The Feasts of St. Patrick and St. Joseph:
March 17th and March 19th are the respective feast days of two very powerful saints: St. Patrick and St. Joseph. What has always impressed me about the feast days of those saints is what they show about the tenacity of the people who celebrate those dates with abandon.
The tale of St. Patrick is widely known to Irish Christians. Patrick, a Roman Brit, became a slave at the hands of Irish pirates. After a daring escape, he became a priest and missionary to the very people who had enslaved him. He baptized the King of Munster, and the conversion of the Irish people began. In modern times, Patrick’s feast—reputedly the day of his death—is a religious and cultural event. The riotous feasting says much about the people Patrick came to save as it does about the saint himself. Like the Irish, Patrick was obviously a hardy soul. He survived slavery and then returned to the people who had enslaved him, offering them mercy and salvation. Like Patrick, the Irish have overcome much. They survived a devastating famine, still persevere in the midst of occupation, and fight for their rights even in the midst of oppression. The descendents of those older Celts stayed to fight the good fight or else set sail for other shores. They survived and prospered. Now, the modern Celts hold parades in honor of the man who symbolizes the importance of their heritage and faith.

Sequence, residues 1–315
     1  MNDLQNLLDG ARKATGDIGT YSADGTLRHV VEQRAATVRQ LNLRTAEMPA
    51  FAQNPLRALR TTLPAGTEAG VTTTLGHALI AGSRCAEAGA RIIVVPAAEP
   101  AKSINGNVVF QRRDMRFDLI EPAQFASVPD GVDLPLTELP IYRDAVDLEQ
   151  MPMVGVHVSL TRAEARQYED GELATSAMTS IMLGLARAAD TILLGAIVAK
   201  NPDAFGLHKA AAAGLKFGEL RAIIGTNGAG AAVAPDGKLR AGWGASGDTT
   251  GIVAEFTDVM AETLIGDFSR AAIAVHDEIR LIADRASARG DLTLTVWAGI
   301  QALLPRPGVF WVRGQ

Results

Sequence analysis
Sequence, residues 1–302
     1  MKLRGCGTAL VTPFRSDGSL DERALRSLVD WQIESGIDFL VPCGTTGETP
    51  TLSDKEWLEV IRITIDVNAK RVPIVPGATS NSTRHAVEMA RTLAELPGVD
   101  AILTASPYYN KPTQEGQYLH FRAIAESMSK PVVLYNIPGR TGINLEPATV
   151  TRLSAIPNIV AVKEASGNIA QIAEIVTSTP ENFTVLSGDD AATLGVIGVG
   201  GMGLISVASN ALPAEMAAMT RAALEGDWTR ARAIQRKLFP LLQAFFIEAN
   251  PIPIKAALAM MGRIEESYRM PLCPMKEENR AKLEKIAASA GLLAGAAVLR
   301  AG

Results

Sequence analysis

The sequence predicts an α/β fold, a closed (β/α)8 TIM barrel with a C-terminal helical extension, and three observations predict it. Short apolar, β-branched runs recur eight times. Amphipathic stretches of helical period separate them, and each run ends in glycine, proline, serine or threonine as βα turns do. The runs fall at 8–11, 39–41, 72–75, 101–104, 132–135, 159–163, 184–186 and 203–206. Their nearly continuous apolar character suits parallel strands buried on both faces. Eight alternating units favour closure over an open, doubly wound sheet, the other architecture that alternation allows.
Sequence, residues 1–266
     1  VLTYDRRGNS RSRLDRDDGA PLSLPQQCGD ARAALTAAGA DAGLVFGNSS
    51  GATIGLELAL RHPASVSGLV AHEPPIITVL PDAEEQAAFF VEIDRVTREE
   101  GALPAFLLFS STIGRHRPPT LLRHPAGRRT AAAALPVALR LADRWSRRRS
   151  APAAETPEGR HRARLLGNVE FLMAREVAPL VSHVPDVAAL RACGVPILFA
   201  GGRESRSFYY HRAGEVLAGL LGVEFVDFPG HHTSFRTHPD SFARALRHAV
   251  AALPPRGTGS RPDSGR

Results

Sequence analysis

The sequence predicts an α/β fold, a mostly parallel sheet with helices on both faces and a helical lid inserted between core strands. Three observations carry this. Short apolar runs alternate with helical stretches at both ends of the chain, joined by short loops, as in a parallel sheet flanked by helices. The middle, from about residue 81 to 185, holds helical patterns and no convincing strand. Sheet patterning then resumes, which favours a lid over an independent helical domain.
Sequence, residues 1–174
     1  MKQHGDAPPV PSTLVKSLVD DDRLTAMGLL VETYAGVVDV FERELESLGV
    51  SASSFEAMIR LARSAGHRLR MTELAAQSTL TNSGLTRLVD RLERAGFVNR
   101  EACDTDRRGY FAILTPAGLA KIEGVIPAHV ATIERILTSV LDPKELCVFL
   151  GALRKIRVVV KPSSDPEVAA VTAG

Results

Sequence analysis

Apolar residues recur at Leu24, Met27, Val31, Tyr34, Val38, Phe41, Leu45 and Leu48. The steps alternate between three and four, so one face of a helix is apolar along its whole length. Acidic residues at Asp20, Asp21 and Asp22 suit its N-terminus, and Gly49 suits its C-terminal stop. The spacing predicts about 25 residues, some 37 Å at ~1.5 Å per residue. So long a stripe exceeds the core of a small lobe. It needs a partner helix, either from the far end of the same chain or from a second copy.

On St. Patrick’s Day, the now prosperous descendents of the Celts catch cabbage, carrots, and onions at parades while wearing green beads and drinking Guinness beer. We women receive kisses and flowers from men wearing green bowler hats. Now, my father and mother lived during the Depression. If we did attend a St. Patrick’s Day Parade, we cooked the cabbage. Waste was sinful, according to my mother. Even more so to my father—and they were right. Cabbage and carrots rotting in the street is sinful and an insult to those poor Irish souls who died with lips died the color of grass--so starved because they only had grass to eat. Of course, many do cook the cabbage and carrots. Many also still attend Mass in honor of St. Patrick as well. Why? Well, he stands for the best of us—proud, tenacious, and faith-filled. Still, we like fun. Frivolity kept us from waddling in self-pity and misery. We showed our oppressors. We refused defeat even as we ate humble fare like cabbage and carrots. That food fills the soul as well as the stomach.
The patron saint of my church is St. Joseph. My mother loved no saint more. Like the Irish, the Italian people turned to St. Joseph in their desperation when famine struck their land. After interceding to St. Joseph, they received relief. Today, in memory and thanksgiving, churches and individuals host altars in the saint’s name. The food on the altar is then distributed to the poor. The faithful still write petitions seeking the saint’s favor, and young women take lemons from the altar, praying for marriage or pregnancy. St. Joseph, after all, is the patron of the family. Nevertheless, frivolity exists here as well. Italians and other celebrants also hold parades in the saint’s memory, throwing food and beads. Like the Irish, the Italians suffered through heartache, and phoenix-like, rose from the ashes.
Maybe such is the human spirit. We are a bizarre mixture of frivolity and mystical faith. Those qualities sustain us through the worst of times, renewing our spirits.